Our first sessions will be starting soon. We encourage people to get involved by suggesting ideas about technical careers that are in high demand right now and by volunteering to teach technical career classes where they hold a certificate. We are also looking for recruiters to go to different high schools and promote the school, to distribute fliers, and get the word out to students who would like to attend RTI. Please visit our website, Facebook, or Twitter account (@RenaissanceTI) to get more information about our programs.


David Hiraldo is an entrepreneurial-minded leader and dedicated professional with over 7 years of teaching experience.  Mr. Hiraldo holds dual Master’s Degrees in Administration & Supervision and Special Education in Cross Categories from University of Phoenix, and a Bachelor’s Degree in Electronic Design & Multimedia from City College of New York.  His New Yorkunnamed Certifications include: School Building Leader, Students With Disabilities (Grades 1-6), Students With Disabilities (Birth-Grade 2), and Childhood Education (Grades 1-6).

David is fluent in Spanish and proficient in Italian.  He is also well-versed in key educational approaches and programs, such as: Wilson Foundations, Wilson Reading System, I-Ready, DRA2, Fountas & Pinnel, Math in Focus, and Story of Unit Math.  Currently, Mr. Hiraldo is a Special Education Learning Specialist and Site Supervisor for the Special Education and English Language Learner programs for Promise Academy, an I Lower Elementary charter School in New York City, where he has worked since 2008.

  

What did you do in school today? with Dan Gallagher

Today I am asking our question: “What did you do in school today?” of a friend and colleague of mine. His response will be the first of a series of responses to this same question from many educators. This series will include responses from educators from all over the world, of all content areas, in all grade levels, and in various teaching assignments. To write your own response to the question, please visit this page for more information.


A Day in the Life of an Elementary Teacher Resource Specialist for Technology

I don’t have a typical day.  Any given day may have me presenting to a group of teachers, meeting one on one with an educator, demonstrating or co-teaching a lesson, pulling students to finish a project, etc.  I’m writing this post around the end of the school year; It’s a Monday.  

My day started in a shared office space with other teacher resource specialists for technology.  I spent some time working on my parts of planning for summer training. We will be rolling out Chromebooks, to students in 7th grade, next year.  Our summer trainings are focusing on shifting the instruction to be more student centered with creation as a main factor.  I researched various tools, which the attendees will have time to “play” with and explore how it could fit their curricular area(s).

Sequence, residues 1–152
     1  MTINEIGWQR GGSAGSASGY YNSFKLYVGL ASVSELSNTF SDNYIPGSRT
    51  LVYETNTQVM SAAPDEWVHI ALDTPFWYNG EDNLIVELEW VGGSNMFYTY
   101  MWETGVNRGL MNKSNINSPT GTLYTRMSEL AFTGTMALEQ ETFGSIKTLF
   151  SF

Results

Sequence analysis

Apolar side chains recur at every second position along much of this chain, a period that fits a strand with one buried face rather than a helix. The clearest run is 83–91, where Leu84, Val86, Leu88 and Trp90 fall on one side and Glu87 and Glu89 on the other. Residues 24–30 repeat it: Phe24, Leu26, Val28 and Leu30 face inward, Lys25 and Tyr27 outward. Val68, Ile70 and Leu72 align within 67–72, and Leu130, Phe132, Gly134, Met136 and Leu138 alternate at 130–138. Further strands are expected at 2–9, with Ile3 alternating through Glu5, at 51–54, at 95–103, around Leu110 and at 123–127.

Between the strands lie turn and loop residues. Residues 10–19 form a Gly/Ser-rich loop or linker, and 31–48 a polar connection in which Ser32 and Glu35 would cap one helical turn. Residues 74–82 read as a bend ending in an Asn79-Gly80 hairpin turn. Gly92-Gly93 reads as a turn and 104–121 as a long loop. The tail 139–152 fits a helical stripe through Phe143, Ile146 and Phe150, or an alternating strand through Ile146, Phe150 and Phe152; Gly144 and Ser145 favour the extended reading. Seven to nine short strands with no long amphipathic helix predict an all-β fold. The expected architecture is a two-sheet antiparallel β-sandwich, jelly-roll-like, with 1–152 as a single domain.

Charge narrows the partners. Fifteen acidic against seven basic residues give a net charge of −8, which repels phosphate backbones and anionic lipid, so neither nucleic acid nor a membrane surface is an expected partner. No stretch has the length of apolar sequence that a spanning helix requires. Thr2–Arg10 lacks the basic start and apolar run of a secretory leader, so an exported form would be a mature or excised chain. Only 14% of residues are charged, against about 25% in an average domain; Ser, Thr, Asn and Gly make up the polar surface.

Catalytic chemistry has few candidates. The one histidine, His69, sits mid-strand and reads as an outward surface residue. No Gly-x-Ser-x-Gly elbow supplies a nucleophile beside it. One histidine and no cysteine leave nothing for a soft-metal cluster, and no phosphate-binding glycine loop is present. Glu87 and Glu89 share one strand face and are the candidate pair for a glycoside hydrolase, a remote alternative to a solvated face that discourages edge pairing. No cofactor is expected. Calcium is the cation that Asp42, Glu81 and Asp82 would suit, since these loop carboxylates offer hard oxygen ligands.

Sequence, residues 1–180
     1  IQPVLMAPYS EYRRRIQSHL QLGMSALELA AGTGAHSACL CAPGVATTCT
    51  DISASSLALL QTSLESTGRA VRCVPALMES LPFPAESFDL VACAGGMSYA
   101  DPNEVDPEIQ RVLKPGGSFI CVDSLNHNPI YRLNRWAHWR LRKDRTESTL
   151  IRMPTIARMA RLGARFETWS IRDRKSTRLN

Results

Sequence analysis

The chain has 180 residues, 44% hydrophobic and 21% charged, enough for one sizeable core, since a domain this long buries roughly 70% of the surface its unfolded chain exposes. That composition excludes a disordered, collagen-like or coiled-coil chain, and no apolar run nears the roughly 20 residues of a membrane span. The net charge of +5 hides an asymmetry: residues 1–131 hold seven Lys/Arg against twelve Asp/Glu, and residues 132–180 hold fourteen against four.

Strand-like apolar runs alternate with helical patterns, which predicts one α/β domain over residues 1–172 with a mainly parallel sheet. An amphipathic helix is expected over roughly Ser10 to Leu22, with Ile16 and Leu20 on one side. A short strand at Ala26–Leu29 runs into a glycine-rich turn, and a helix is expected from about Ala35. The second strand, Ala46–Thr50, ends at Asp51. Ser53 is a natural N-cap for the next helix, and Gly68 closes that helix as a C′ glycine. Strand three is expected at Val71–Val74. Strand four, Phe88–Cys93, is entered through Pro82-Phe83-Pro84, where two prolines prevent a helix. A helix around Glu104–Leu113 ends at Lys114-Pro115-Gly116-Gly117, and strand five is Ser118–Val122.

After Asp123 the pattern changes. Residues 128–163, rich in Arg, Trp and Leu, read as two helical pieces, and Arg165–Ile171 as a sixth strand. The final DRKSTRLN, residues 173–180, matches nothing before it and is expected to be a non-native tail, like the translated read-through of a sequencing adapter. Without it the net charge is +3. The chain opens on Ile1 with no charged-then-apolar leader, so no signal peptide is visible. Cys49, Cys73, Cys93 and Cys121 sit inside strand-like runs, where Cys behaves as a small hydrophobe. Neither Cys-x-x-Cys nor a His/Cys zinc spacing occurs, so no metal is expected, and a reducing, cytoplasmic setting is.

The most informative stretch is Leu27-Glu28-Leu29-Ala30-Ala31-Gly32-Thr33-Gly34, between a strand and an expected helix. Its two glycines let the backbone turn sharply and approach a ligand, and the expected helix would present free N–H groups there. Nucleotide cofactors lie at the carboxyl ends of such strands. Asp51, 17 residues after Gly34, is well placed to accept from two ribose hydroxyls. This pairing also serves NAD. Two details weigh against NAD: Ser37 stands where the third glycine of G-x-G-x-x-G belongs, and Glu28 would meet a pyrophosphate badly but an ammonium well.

Around midday I met with a teacher to assist him with adding items to his webpage. Now this marks the fourth time I have met with him on this same topic.  He has taken hand-written notes, each time, and refers back to them, but, in my opinion, he likes having someone there to verify each step.  I’ve noticed, at least in terms of teachers who are not digital natives (grew up with the technology), that there is a fear.  A big portion of my job is spent trying to relieve the fear of technology.  One of the biggest differences between students and teachers in terms of technology is fear.  Students have no fear, they are what I like to call, wreckless clickers (tappers if it is a mobile device).  I strive to have our educators move past the fear of technology and embrace how it can impact instructional outcomes.

My afternoon, on this particular day, was more hands-on!  I became a ‘commercial producer’ for a third grade project called Biz World.  Students were placed in groups and formed a company.  They needed to select job positions, create a product (friendship bracelets), apply for bank loans, pitch venture capitalist to invest in their company, maintain a ledger of deposits/withdraws and of course design a marketing campaign.  That’s where I came in!  I met with this particular class previously to discuss techniques and show options on how they could create their commercial. Today we took their plans and produced a final, under one-minute spot.  I’m always amazed at student creativity.  A couple of companies understood the concept of getting their message across to their audience and some just wanted to be funny.  


Even though my school day ended, as a connected educator, I’m still actively involved in the digital world.  This night, I moderated a Twitter chat which I had created for educators who utilize a web tool called ThingLink.  Unfortunately, I was the lone tweeter.  Even though it wasn’t as successful as I would have liked, I keep trying to reach out with other educators and share ideas, techniques, experiences,etc.  It’s all about connecting!


Dan Gallagher is currently a teacher resource specialist for technology with a school district in New Jersey.  Previously, he has been a classroom teacher in both elementary and middle school as well as an elementary technology special area teacher and at one time, in PA, a technnsuaCFwN_400x400ology coach.  He is also an online adjunct professor for Instructional Technology.

Dan has a BS in Elementary Education from Lebanon Valley College and a M.Ed. in Instructional Technology from Arcadia University.  He is involved in several different educational programs such as SMART Exemplary Educators, ThingLink Expert Educators, Nearpod Authors, Seesaw Ambassadors and Symbaloo Professional Development Pros.  

Feel free to connect with him either by following him on Twitter @Gallagher_Tech or subscribe to his blog – http://gallaghertech.edublogs.org/

~What did YOU do in school today?